We've all heard of the "death rattle," the last gasp from a lost soul's lungs. Sometimes, we seem to hear it from the companies in which we invest. Revenues dry up. Margins contract. Profits evaporate. All these signs suggest that their condition is worsening -- a financial death rattle, if you will.

Stocks in sick bay
Don't assume that all such companies are goners. Some will barely cling to life, while others will make a full recovery. That does happen, but here we're seeking companies that have all but given up the ghost.

For help, we'll turn to the clever coroners at our Motley Fool CAPS community, where 130,000 members give the thumbs-up or thumbs-down to about 5,300 stocks. We've unearthed a handful of stocks that look like they might be down, based on their having garnered no more than the lowest one-star rating.

Then we'll put them through some quick tests for liquidity. The current ratio and the quick ratio (also called the "acid test" ratio) give us an idea of a company's ability to pay its bills, and the Altman Z-Score suggests companies in danger of filing for bankruptcy protection. Companies scoring 3.00 and above are considered safe, those between 2.70 and 2.99 are "yellow flags," those between 1.80 and 2.70 have a good chance of filing for  bankruptcy protection within two years, and those with scores below 1.80 are even worse off.

Here's today's list.


CAPS Rating

Current Ratio

Acid-Test Ratio

Altman Z-Score

Recent Price

American Campus Communities (NYSE:ACC)






Ballard Power (NASDAQ:BLDP)






Career Education (NASDAQ:CECO)






Embarq (NYSE:EQ)






NetLogic Microsystems (NASDAQ:NETL)






Sources: Motley Fool CAPS; Capital IQ, a division of Standard & Poor's.

We obviously don't know where these companies are headed, so don't short them based on their appearance here. Moreover, some companies like software makers and financials don't neatly fit into the Altman Z-Score scale. Yet our primary screen remains those stocks that CAPS investors have given one star, meaning they could be destined to seriously underperform the market. Las Vegas casino operator Riviera Holdings, included in a deathbed story from May 2008, recently missed an interest payment due to lenders and said it might have to file for bankruptcy eventually.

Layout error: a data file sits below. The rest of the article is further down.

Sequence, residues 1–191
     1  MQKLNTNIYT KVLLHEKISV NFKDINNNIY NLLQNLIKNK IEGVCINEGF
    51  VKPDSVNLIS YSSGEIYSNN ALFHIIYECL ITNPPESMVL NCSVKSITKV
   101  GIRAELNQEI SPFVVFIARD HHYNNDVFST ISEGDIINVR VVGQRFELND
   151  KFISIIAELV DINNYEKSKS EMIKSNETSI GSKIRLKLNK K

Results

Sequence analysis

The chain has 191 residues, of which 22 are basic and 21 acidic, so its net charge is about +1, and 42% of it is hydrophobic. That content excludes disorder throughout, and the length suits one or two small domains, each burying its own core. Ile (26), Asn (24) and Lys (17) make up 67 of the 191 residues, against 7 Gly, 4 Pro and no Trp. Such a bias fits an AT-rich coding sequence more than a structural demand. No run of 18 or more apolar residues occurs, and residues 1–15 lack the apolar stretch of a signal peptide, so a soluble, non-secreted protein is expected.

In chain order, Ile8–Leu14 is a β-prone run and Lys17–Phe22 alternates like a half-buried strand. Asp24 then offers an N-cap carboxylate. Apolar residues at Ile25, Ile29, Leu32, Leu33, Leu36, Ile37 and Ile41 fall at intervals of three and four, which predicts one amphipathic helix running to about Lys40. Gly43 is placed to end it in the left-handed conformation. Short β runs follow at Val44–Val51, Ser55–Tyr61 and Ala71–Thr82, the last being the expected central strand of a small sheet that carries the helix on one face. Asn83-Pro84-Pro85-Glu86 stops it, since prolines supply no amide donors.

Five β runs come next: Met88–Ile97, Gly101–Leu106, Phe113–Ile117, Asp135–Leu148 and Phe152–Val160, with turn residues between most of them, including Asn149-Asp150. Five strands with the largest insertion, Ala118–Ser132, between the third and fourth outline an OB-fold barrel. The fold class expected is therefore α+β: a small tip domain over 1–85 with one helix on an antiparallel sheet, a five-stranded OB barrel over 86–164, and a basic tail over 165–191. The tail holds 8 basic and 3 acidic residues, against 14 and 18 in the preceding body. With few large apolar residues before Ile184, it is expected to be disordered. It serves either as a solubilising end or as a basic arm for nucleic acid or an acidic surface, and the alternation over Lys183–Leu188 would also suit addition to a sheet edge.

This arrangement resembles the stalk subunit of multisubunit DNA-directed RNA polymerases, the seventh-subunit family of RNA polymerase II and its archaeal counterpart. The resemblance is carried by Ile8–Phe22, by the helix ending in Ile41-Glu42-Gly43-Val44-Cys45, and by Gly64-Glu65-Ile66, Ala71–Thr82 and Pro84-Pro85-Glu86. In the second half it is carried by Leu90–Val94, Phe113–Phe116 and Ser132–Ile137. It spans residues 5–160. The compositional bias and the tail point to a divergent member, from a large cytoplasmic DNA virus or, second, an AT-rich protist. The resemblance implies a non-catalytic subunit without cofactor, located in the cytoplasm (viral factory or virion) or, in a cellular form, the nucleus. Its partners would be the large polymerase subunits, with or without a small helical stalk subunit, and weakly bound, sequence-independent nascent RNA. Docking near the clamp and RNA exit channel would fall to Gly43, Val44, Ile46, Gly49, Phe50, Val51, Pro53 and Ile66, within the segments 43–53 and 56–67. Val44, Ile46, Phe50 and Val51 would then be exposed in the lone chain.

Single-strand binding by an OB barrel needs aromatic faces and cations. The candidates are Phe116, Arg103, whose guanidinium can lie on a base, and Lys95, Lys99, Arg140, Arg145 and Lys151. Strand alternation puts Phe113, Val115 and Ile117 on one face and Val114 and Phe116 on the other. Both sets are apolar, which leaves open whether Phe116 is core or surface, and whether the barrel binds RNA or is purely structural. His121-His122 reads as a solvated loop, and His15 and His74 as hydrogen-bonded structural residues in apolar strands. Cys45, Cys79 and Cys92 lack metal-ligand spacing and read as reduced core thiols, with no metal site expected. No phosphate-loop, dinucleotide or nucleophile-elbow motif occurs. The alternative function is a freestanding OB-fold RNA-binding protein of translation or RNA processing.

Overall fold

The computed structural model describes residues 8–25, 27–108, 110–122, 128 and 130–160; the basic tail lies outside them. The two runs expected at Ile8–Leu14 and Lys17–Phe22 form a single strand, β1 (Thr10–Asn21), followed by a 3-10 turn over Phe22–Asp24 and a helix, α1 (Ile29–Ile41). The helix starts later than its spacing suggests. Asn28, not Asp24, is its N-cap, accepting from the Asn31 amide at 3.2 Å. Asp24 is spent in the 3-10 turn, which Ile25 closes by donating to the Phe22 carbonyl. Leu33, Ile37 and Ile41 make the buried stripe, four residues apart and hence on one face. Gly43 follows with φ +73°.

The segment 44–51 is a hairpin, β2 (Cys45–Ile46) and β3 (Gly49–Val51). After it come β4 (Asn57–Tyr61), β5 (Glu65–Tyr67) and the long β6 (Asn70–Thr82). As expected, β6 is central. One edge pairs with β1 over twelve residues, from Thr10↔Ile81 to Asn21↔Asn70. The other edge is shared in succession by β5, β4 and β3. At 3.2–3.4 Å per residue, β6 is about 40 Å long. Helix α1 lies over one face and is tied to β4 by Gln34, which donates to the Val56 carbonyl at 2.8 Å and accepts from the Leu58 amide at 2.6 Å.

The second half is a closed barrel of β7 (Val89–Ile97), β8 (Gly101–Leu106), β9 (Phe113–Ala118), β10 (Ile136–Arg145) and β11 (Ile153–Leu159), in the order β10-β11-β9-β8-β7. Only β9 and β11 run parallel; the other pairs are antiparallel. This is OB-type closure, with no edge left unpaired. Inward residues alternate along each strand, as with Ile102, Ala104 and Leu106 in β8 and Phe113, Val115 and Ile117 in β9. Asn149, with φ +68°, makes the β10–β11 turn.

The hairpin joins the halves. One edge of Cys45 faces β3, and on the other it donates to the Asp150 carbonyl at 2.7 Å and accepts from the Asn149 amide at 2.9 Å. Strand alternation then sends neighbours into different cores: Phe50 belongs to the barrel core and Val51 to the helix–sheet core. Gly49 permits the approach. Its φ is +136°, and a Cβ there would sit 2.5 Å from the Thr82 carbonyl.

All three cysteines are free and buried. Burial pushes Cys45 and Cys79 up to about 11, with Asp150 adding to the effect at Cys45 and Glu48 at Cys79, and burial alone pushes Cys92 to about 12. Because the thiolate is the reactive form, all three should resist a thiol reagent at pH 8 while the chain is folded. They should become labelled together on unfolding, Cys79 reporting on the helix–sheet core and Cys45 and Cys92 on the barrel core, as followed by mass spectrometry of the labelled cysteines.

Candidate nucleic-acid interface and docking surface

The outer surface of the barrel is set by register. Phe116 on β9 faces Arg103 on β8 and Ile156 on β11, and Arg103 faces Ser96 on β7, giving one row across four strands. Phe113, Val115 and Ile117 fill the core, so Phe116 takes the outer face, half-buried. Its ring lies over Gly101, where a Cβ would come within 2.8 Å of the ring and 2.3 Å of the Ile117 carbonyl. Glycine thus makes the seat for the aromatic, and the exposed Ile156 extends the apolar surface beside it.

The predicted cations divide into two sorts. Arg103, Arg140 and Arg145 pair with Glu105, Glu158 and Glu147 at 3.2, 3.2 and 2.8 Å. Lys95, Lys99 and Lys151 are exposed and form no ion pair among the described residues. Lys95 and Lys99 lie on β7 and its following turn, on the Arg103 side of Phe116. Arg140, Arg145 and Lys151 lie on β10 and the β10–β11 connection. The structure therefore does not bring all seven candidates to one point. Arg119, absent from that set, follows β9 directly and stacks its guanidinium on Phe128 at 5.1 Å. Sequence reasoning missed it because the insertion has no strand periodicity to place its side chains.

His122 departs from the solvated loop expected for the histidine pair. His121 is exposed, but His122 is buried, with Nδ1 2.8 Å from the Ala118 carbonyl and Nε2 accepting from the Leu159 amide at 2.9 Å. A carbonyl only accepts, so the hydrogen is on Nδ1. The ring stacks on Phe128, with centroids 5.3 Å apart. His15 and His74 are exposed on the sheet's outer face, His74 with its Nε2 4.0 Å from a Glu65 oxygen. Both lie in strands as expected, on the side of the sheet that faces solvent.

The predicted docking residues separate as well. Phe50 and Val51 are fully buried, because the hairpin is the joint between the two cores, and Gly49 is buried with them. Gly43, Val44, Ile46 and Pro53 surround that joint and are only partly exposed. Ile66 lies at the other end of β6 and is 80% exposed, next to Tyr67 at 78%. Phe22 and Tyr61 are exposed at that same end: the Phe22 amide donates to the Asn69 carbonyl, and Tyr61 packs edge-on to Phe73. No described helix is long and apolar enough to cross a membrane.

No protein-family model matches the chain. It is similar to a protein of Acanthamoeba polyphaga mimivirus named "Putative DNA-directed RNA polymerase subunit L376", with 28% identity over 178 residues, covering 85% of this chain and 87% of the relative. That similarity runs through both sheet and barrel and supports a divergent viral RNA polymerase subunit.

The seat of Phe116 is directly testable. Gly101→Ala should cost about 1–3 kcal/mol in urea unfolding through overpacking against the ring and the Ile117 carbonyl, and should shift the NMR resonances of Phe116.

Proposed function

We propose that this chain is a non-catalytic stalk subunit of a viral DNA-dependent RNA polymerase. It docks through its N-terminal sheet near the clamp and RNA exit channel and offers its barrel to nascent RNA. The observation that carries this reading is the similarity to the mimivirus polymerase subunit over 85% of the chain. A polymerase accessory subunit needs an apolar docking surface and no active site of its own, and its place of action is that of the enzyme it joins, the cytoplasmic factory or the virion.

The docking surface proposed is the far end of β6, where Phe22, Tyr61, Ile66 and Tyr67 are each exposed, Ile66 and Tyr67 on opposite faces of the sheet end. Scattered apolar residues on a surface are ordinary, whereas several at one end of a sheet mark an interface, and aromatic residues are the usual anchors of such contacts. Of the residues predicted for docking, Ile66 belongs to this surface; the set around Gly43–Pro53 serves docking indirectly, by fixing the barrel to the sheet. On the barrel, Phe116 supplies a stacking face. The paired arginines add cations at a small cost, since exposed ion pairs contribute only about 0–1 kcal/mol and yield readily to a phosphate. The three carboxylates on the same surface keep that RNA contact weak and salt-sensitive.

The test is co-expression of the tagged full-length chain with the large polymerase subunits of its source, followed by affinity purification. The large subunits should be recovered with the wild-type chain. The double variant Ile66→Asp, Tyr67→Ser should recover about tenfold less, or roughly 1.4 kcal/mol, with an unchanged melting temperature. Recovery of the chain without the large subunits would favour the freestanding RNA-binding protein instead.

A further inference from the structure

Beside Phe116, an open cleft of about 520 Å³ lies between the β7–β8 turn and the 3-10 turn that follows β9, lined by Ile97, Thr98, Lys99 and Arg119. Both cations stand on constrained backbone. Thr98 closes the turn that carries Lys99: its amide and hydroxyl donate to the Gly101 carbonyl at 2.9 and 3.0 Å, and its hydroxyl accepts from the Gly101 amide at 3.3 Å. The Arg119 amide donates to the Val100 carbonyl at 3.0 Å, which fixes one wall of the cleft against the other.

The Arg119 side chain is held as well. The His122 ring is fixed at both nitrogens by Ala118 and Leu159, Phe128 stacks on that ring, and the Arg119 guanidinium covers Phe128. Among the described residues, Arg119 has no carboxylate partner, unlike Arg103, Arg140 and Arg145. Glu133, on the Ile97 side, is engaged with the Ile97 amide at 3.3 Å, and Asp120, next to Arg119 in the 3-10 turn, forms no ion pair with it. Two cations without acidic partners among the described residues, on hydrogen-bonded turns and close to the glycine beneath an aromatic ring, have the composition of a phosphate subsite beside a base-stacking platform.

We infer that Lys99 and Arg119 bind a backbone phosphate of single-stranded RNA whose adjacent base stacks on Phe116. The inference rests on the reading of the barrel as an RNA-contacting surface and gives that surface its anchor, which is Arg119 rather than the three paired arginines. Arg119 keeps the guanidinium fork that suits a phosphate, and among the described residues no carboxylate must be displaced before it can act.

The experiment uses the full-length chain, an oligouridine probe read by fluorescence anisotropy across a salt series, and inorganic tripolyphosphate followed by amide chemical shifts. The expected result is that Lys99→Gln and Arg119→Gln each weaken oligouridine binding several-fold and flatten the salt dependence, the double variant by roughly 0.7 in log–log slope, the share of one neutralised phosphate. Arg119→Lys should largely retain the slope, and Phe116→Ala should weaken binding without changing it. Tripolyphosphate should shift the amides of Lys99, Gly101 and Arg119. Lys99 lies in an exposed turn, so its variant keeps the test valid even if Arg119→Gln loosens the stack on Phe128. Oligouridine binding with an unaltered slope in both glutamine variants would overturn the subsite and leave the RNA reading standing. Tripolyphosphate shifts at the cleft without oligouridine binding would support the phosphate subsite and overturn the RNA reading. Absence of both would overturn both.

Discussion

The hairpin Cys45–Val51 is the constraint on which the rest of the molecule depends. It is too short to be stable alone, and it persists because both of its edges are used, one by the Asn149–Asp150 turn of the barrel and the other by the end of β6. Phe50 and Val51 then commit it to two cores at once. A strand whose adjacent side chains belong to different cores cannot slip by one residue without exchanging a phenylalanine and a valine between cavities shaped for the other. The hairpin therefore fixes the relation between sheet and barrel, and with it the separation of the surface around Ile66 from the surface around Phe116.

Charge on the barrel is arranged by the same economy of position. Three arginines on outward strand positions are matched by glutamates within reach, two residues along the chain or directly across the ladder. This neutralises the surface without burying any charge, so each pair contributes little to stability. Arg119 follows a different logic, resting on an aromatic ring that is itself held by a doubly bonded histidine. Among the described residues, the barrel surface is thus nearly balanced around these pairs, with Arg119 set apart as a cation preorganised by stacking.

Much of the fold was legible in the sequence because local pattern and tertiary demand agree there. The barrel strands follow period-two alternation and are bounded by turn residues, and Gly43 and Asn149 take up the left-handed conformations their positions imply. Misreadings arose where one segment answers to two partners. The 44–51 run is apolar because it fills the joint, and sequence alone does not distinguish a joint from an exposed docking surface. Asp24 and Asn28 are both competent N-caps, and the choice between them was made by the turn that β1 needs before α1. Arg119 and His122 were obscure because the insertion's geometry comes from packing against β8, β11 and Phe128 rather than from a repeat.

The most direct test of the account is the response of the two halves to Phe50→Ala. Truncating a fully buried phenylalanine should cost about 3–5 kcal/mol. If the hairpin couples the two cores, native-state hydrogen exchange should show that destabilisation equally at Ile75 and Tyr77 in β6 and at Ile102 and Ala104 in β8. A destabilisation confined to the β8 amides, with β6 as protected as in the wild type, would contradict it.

A legal eagle
On the surface, a few of these companies don't necessarily look that bad, considering their ratios still appear healthy. All of NetLogic Microsystems' metrics seem to be keeping it healthy, while traditional land-line provider Embarq, which was spun off from Sprint Nextel (NYSE:S) in 2006, is waiting for its acquisition by CenturyTel (NYSE:CTL) to be completed sometime in the second quarter. Embarq's profits were flat in the first quarter, as revenues fell 6% on a near-10% decline in access lines.

American Campus Communities, though, is like the platypus of the stock market. Is it a real estate play, as suggested in its status as a real estate investment trust, or an education stock that ought to do well in a down economy? This builder of unique campus dormitories would seem to have a chance to capitalize on its recent acquisitions, for which occupancy rates are lower than for its own properties (88% vs. 96%), but it carries a burdensome debt load. Cash on hand equals $48 million while the company struggles with more than $1.28 billion in debt. It has more than $220 million worth of debt maturing this year, unless it exercises one of its two payment extensions.

CAPS All-Star member muirmm thinks American Campus Communities will face financial straits if its growth plans don't work out just right.

Since it owns a lot of real estate bought recently at high prices and carries significant debt, this company will be in a tight spot if it loses very many tenants. With the economy still tightening, [American Campus] is likely to encounter a rough patch in the near future.

Rattling the cage
Are these companies doomed? It pays to start your own research on these stocks on Motley Fool CAPS. Read a company's financial reports, scrutinize key data and charts, and examine the comments your fellow investors have made -- all from a stock's CAPS page. Sign up today, absolutely free, and let us know what you think.

This article represents the opinion of the writer, who may disagree with the “official” recommendation position of a Motley Fool premium advisory service. We’re motley! Questioning an investing thesis -- even one of our own -- helps us all think critically about investing and make decisions that help us become smarter, happier, and richer.